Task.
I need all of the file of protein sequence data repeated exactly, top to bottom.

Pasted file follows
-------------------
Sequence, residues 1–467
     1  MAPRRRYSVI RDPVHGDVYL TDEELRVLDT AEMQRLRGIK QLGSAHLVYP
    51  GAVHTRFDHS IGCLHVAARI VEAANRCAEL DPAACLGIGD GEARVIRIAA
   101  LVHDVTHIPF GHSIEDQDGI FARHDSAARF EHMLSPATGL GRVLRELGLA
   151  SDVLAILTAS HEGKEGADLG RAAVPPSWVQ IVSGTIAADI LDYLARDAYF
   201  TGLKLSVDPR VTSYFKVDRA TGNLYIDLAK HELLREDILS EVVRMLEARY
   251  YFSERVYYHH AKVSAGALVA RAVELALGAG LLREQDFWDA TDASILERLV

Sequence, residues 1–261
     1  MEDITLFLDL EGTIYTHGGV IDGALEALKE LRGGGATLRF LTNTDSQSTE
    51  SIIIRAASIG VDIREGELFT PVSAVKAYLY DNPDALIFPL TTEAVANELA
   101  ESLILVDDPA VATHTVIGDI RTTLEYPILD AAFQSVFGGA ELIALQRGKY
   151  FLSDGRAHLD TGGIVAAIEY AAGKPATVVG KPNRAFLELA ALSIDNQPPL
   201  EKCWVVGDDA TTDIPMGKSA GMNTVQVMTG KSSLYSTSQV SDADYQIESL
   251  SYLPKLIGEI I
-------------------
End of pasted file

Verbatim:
Sequence, residues 1–467
     1  MAPRRRYSVI RDPVHGDVYL TDEELRVLDT AEMQRLRGIK QLGSAHLVYP
    51  GAVHTRFDHS IGCLHVAARI VEAANRCAEL DPAACLGIGD GEARVIRIAA
   101  LVHDVTHIPF GHSIEDQDGI FARHDSAARF EHMLSPATGL GRVLRELGLA
   151  SDVLAILTAS HEGKEGADLG RAAVPPSWVQ IVSGTIAADI LDYLARDAYF
   201  TGLKLSVDPR VTSYFKVDRA TGNLYIDLAK HELLREDILS EVVRMLEARY
   251  YFSERVYYHH AKVSAGALVA RAVELALGAG LLREQDFWDA TDASILERLV

Sequence, residues 1–261
     1  MEDITLFLDL EGTIYTHGGV IDGALEALKE LRGGGATLRF LTNTDSQSTE
    51  SIIIRAASIG VDIREGELFT PVSAVKAYLY DNPDALIFPL TTEAVANELA
   101  ESLILVDDPA VATHTVIGDI RTTLEYPILD AAFQSVFGGA ELIALQRGKY
   151  FLSDGRAHLD TGGIVAAIEY AAGKPATVVG KPNRAFLELA ALSIDNQPPL
   201  EKCWVVGDDA TTDIPMGKSA GMNTVQVMTG KSSLYSTSQV SDADYQIESL
   251  SYLPKLIGEI I